Sometimes a cat will try to bring her kittens outdoors. Frequently, the babies will probably end up sitting in the exact area of your cat’s nest. First, look at these areas and other locations where your cat frequently goes.

Also, Check Out: My Kitten is Weak And Sleepy – How to Care for a Sick Kitten [A Guide]

Reasons Why Do Cats Move Their Kittens

If you don’t work as a cat breeder professionally, you might not have observed mama cats carrying their kittens’ behavior. Happily, there is no need to worry. Although, it’s a good idea to find out why the mama cat needs to relocate her young. Here are some potential reasons behind this behavior:

Why Do Cats Move Their Kittens

1. Defending Against Predators

As kittens are extremely small and immature, they are extremely susceptible to predators. In the environment, they may be in danger from predators including cats, birds, and other animals. If kittens aren’t carefully socialized, even house cats can be a danger to them. Mom cats may relocate their kittens to secure areas to defend them from attackers.

The cat reduces the likelihood that the smell of her kittens will entice predators by shifting them. The scent of newborn babies has been known to draw some predators. Shifting them to a new destination will thus assist reduce accidents.

2. Separating From Other Cats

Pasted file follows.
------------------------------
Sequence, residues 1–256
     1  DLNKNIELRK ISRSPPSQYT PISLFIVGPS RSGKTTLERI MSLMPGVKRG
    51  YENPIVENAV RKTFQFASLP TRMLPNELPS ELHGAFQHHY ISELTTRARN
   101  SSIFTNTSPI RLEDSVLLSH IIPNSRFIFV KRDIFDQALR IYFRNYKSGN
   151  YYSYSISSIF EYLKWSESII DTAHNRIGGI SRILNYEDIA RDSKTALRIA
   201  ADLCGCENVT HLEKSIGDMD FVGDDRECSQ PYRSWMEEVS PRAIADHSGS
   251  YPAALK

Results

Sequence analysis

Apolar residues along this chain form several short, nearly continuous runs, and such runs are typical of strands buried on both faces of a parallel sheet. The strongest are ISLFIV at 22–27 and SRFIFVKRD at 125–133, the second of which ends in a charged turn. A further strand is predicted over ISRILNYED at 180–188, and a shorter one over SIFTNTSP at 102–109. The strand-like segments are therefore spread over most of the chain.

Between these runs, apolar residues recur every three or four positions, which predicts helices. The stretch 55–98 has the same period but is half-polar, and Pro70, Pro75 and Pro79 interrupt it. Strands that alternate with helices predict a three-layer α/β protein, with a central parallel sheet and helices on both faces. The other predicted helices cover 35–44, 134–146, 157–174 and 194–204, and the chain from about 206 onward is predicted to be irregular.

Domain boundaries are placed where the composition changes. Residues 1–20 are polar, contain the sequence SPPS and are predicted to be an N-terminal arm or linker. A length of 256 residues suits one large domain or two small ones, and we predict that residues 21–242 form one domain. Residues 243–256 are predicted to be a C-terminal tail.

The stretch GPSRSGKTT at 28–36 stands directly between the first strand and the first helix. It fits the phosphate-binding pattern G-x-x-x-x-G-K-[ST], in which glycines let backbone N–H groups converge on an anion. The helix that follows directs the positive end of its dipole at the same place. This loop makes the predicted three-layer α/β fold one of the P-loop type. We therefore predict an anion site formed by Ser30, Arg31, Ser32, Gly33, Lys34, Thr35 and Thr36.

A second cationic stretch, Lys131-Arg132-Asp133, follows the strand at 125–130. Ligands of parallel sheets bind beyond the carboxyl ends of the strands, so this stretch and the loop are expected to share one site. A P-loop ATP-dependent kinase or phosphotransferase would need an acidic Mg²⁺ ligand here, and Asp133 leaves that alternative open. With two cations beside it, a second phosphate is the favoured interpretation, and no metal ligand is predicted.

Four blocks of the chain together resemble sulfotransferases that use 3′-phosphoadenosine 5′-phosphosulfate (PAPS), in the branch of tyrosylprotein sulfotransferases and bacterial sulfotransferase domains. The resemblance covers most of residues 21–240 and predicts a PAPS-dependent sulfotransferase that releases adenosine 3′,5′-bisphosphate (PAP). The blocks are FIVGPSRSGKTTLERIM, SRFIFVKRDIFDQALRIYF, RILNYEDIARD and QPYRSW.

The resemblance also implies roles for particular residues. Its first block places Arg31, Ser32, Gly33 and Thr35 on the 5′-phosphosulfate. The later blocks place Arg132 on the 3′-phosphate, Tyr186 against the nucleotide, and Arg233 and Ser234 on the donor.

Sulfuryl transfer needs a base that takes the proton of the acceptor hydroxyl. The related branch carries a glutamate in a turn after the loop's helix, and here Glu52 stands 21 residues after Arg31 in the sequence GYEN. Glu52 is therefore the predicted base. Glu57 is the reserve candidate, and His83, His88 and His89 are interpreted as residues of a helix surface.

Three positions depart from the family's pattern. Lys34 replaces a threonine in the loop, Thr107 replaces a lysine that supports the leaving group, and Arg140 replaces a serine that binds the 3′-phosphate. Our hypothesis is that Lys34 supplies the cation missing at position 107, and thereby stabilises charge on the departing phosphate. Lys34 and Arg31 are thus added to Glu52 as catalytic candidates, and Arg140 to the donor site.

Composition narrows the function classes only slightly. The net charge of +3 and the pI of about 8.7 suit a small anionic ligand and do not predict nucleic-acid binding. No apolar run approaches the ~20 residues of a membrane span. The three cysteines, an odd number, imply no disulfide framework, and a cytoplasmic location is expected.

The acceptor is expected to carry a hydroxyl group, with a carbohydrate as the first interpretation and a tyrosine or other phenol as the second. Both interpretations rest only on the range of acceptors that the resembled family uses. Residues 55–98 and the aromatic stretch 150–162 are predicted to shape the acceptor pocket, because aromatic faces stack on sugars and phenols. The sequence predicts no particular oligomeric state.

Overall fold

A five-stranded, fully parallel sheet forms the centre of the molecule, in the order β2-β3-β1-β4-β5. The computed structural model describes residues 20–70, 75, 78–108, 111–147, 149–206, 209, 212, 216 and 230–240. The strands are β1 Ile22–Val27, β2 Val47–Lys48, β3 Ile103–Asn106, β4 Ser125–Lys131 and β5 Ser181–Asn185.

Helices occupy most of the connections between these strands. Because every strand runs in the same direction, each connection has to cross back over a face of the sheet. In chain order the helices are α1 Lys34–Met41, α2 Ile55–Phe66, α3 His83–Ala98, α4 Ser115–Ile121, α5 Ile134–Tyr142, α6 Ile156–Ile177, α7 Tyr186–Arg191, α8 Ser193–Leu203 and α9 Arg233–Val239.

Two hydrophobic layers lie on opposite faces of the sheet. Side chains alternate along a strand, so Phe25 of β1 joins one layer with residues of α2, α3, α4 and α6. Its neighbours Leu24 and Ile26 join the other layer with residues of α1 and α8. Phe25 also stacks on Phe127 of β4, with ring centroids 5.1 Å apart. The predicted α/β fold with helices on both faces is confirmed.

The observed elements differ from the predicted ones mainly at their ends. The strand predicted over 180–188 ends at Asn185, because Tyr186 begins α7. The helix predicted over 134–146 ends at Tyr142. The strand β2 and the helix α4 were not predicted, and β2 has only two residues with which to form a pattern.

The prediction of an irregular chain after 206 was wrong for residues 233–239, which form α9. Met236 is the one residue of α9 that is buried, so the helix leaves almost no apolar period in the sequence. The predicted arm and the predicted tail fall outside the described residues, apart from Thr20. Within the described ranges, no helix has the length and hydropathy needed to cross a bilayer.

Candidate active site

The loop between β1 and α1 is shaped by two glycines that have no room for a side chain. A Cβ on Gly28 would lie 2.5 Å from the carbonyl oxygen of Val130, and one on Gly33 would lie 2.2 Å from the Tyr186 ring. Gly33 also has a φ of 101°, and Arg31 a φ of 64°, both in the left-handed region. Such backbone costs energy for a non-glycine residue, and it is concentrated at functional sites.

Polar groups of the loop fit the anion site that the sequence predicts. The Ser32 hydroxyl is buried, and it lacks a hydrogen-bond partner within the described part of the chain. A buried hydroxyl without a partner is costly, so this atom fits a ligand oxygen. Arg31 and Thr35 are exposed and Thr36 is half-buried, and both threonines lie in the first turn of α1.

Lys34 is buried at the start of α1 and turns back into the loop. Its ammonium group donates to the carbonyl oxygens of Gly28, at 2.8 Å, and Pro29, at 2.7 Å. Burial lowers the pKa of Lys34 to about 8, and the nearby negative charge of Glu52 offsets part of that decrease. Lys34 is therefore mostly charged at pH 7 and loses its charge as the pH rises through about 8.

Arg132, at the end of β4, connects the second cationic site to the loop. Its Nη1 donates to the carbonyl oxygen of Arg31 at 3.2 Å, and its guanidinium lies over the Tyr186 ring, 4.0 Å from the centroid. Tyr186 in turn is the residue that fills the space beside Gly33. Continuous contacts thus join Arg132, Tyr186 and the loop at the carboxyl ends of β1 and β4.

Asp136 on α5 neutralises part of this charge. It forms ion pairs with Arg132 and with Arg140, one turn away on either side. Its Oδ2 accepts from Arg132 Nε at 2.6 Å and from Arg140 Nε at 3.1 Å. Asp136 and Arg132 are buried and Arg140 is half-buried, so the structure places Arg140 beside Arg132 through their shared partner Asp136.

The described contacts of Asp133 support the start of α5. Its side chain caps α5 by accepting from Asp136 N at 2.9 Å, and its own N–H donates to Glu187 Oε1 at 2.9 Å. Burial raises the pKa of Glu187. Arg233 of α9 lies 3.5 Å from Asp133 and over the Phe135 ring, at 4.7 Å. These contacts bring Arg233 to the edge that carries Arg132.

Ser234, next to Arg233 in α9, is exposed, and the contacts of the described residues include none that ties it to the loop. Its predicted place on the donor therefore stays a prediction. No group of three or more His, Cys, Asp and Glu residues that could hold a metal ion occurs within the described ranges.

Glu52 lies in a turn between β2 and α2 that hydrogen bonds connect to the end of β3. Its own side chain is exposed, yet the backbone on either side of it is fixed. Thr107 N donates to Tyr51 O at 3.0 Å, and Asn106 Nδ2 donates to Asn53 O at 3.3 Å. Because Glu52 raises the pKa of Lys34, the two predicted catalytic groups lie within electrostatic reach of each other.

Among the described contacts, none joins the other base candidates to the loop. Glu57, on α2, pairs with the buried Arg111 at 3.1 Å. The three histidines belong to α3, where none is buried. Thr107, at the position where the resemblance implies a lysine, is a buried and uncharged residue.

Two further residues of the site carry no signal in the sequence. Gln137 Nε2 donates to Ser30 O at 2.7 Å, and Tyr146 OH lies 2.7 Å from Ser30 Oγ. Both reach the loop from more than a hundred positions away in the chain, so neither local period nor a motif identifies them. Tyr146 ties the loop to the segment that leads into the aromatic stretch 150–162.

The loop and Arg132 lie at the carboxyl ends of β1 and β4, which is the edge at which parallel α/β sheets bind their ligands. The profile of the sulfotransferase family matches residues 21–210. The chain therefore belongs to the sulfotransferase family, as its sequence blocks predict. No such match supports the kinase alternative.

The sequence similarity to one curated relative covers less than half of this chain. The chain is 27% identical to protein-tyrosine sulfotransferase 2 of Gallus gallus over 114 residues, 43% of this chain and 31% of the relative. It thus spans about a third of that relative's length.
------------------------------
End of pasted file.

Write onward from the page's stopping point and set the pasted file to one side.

To keep her kittens away from other felines is yet another purpose for why mama cat relocated them. Although adult felines could be pleasant and friendly with one another, they may also be dangerous to kittens, especially if they don’t know them well.

For instance, a mother cat may relocate her kittens to a different area if other mature cats are living in the home. Any possible aggressiveness or competitive behavior is avoided. The other cats could accidentally hurt the kittens by being harsh with them or pushing them down, irrespective of whether they’re violent or not.

A mama cat may relocate her kittens to keep them away from other felines to strengthen her relationship with them while also defending them from any harm.

Moving the kittens to a different area might facilitate the relationship that mother cats have a deep urge to look for and nourish. In order to defend and take care of her kittens, a mama cat will instinctively shift her kittens away from other felines.

3. Teaching Surviving Knowledge

A mama cat’s crucial job as a teacher of how to live in the wilderness besides safeguarding and nurturing her offspring. This involves imparting to children crucial abilities including social graces, cleanliness, and hunting.

A mother cat may relocate her kittens to give the young one’s chance to pick up and develop these abilities. For instance, a mama cat may relocate her kittens to a location with more prey species so they can practice hunting and develop their skills.